Maybe you want to finally shed a few pounds by adopting healthier lifestyle habits. Maybe you are in dire need of saying “NO” to some people or things – to stop running yourself ragged over other people’s priorities and “emergencies”. To finally find or pursue a passion you’ve been denying yourself. Open your heart back up to love. Be brave enough to go after that new job or career path. Or just allow yourself to take a breath, relax and just be.

In my case, it’s piss or get off the pot when it comes to creating, building and sharing my vision. My passion. My purpose. is your place to go for tips, tools and experiences that are designed to help you:

  • Gain acceptance of what is and has been
  • Bust through barriers that stand in your way
  • Tackle perceived obstacles
  • Overcome paralyzing fears
  • Set new sights and attain them
  • Realize new paths and possibilities
  • Discover solutions for your life
  • Create quality connections
  • Build confidence in making choices
  • Experience new levels of peace and understanding
  • Feel more alive right now
  • Have more fun in every aspect of your life

Life is one big Adventure!

You can SEE IT in what’s right in front of you.

You can SEEK IT beyond your current level of acceptance, perceived limitations and understanding.

Life is not about never getting on the horse, so as not to fall off.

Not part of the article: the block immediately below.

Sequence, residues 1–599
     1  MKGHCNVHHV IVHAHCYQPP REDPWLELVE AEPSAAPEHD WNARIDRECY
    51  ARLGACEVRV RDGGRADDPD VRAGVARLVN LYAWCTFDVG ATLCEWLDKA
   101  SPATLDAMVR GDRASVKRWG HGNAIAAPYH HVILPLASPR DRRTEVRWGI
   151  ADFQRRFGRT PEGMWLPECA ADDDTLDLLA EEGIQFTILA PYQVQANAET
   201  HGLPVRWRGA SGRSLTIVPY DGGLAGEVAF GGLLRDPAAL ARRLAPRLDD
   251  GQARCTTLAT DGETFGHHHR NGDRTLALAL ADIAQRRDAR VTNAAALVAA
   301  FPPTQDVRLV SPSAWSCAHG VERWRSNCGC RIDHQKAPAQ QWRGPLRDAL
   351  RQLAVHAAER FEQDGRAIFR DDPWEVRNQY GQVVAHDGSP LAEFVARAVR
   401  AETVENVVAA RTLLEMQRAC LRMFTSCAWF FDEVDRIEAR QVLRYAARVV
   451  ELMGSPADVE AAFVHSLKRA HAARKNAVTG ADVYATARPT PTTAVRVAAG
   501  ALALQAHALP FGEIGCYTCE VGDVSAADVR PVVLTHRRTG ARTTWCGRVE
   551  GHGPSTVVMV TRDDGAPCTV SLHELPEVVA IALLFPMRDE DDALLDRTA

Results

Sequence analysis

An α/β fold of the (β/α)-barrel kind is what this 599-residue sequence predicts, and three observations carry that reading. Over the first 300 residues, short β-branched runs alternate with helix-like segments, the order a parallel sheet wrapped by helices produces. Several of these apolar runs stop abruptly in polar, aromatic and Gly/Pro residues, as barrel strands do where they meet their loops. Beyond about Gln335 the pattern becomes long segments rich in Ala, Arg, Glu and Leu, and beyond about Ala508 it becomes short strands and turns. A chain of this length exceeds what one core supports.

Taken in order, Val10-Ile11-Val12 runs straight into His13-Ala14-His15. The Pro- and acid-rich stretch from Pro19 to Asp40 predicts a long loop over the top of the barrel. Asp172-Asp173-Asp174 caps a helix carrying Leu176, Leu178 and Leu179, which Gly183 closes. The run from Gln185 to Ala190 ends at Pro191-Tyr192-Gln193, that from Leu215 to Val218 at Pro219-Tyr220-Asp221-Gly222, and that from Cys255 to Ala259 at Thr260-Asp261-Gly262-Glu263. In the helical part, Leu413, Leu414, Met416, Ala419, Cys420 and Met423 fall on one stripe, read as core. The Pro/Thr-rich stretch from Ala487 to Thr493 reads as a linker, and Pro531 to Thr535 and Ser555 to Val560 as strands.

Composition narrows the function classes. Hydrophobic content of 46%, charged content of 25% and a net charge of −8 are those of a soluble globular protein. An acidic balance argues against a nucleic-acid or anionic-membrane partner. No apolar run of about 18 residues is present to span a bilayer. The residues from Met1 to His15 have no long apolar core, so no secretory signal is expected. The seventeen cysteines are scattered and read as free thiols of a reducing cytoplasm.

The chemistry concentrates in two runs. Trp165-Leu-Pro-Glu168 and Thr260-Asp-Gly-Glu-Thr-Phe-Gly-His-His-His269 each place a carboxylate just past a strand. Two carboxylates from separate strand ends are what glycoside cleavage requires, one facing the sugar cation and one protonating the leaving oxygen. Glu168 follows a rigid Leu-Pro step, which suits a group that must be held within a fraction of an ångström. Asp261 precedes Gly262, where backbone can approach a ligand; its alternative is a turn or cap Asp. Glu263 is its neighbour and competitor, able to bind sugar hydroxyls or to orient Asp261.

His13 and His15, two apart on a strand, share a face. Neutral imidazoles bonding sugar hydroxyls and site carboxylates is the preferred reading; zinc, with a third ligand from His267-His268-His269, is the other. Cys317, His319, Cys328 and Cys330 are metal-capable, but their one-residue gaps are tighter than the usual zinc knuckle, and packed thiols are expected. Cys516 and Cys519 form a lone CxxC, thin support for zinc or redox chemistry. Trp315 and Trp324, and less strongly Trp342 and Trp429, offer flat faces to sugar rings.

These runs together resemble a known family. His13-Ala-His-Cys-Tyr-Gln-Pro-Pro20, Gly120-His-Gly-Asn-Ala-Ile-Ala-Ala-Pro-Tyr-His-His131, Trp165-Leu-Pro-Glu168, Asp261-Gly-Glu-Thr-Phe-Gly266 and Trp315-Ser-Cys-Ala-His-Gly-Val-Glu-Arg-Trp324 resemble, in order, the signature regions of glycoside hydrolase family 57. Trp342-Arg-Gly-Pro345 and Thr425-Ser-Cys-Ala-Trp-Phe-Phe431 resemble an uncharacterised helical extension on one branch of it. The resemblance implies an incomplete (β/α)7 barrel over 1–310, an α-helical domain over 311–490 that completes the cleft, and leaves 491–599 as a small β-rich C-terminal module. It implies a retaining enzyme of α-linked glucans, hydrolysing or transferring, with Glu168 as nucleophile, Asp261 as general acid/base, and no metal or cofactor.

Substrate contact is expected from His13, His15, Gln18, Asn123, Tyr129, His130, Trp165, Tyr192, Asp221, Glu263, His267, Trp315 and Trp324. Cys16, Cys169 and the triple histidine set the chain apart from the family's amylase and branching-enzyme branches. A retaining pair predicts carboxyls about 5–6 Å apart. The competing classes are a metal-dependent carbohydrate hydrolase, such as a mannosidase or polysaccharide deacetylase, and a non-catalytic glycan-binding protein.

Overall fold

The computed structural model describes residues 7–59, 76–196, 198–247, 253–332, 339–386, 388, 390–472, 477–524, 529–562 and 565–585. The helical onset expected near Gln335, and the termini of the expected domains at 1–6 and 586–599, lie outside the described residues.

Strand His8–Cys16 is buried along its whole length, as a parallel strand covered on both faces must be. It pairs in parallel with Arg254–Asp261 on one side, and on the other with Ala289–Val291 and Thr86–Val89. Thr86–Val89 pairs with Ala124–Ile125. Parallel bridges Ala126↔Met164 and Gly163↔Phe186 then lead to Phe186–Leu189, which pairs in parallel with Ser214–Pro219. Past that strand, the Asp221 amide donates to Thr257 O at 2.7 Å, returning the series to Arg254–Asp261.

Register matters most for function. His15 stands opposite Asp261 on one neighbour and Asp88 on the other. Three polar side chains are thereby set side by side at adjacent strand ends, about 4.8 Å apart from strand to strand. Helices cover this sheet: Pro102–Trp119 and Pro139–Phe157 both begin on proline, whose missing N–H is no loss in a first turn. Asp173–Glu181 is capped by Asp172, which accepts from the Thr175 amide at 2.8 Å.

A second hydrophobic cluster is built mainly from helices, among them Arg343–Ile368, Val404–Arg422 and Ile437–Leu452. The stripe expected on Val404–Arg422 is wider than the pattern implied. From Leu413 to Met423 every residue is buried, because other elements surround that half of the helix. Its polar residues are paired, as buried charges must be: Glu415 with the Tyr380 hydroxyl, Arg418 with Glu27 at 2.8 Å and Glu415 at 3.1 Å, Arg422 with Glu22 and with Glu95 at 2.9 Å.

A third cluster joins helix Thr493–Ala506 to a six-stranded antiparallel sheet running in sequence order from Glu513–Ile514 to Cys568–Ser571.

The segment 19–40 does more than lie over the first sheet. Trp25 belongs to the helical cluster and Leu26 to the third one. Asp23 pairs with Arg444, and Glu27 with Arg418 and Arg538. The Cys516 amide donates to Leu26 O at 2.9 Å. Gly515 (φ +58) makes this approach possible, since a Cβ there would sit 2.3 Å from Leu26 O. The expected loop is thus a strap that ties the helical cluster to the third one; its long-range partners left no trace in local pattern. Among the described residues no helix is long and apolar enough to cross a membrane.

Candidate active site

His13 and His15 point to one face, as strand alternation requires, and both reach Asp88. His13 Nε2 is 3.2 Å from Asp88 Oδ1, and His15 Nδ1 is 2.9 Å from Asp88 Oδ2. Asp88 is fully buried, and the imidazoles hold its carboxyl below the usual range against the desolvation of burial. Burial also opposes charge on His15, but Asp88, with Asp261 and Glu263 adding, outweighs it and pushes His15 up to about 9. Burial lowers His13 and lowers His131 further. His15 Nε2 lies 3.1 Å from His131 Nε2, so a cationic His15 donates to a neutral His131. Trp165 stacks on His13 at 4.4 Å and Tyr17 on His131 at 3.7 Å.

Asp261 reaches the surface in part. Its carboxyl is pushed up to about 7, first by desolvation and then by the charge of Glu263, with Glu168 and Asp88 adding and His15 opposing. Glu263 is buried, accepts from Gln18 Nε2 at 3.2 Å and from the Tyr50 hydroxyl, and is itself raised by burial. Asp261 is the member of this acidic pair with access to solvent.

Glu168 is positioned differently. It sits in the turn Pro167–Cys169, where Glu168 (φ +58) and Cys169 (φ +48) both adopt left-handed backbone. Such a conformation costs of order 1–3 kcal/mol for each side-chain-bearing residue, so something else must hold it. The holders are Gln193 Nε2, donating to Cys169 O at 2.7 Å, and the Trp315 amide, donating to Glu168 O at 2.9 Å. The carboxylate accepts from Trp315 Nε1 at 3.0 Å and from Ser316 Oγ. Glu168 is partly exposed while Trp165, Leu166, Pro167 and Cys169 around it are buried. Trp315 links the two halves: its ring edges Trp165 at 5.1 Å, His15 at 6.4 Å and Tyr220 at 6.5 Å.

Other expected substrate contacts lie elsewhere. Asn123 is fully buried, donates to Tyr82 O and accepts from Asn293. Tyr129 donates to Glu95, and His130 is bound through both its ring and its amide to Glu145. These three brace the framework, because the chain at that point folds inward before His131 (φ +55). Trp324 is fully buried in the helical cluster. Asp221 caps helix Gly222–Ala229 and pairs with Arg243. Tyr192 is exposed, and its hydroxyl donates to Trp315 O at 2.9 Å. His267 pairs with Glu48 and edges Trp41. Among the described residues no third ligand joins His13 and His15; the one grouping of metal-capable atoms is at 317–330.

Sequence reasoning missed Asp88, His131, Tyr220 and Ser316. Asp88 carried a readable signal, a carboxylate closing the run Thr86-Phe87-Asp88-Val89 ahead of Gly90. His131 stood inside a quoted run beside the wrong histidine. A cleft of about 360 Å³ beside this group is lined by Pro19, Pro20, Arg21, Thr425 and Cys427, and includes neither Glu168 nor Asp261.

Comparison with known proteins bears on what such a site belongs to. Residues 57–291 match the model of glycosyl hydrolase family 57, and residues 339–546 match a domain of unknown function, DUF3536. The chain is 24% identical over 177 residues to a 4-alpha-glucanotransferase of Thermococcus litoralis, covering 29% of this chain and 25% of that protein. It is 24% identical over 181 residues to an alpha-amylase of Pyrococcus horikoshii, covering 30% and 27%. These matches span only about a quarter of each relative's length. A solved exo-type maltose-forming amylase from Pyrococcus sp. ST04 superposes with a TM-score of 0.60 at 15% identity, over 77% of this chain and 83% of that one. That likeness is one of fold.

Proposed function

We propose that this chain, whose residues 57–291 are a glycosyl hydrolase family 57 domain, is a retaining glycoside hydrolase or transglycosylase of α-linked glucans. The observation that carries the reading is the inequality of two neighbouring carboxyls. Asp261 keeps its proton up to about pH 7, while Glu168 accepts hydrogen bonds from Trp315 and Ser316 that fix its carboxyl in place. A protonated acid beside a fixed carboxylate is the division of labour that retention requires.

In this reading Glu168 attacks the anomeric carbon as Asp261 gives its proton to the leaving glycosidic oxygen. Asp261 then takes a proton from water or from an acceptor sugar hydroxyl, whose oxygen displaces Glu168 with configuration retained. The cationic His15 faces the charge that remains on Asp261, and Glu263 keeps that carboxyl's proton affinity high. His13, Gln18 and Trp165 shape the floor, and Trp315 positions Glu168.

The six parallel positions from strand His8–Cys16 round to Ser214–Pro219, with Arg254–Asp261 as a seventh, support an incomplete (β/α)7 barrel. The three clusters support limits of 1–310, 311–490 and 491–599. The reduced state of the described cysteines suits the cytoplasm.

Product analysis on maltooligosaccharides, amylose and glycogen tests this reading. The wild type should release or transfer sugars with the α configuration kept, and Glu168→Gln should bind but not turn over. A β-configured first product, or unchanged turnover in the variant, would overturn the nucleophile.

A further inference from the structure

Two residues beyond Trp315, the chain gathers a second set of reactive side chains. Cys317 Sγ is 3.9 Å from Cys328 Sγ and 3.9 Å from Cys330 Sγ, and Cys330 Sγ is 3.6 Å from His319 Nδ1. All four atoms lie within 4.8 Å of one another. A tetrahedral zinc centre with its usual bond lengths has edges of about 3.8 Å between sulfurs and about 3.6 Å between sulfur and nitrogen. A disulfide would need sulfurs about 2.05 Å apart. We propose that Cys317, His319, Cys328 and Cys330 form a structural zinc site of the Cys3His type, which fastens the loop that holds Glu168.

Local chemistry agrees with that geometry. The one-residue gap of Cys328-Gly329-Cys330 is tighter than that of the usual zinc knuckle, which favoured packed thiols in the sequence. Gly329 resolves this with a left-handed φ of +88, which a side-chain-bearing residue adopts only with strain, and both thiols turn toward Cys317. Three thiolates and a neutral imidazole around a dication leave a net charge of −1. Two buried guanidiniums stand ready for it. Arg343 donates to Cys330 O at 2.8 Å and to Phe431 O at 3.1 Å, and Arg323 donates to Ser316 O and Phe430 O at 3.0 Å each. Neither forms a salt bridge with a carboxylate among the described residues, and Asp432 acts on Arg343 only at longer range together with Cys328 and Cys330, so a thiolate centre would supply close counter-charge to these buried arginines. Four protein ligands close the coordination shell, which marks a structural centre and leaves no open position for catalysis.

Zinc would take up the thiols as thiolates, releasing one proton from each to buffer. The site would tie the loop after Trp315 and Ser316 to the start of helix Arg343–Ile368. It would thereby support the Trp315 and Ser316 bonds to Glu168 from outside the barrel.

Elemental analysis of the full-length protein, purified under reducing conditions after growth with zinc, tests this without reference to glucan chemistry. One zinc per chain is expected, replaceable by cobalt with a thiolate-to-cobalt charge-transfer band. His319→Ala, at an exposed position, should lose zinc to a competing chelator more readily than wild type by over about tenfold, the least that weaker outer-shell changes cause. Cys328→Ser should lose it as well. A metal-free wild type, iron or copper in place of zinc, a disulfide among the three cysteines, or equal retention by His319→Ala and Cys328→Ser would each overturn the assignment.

What a snoozer that would be – Zzzzzzzz.

It’s about getting on your proverbial horse in the first place. Learning the ropes. Getting the feel. And inevitably falling off. Again. And again. And again.

The only way to keep on living is to stand up, dust yourself off, and get back on.

Wahoooo! Let’s ride!


There will be new things to come from TAL in the coming days, weeks and months. I’ll keep you posted. But in the meantime, I would love to hear from you in the comments below. Anything from this week’s blog speak to you in particular?  Something you need to sink your spurs into? Any other topics you want to hear about? Questions for me?

Everything old CAN be new again

The great Albert Einstein is quoted as saying, “He who can no longer wonder and stand rapt in awe is as good as dead.”

As we grow older and begin thinking that we have it all figured out – or at least thinking we should by now – we often deduce that there is nothing to look forward to in this life. If even in the background of our thoughts – our subconscious.

We’ve done what we knew to do. Lived a “good” life. Done the “right” things. Been “good” people.

And still consistent peace and happiness evades us.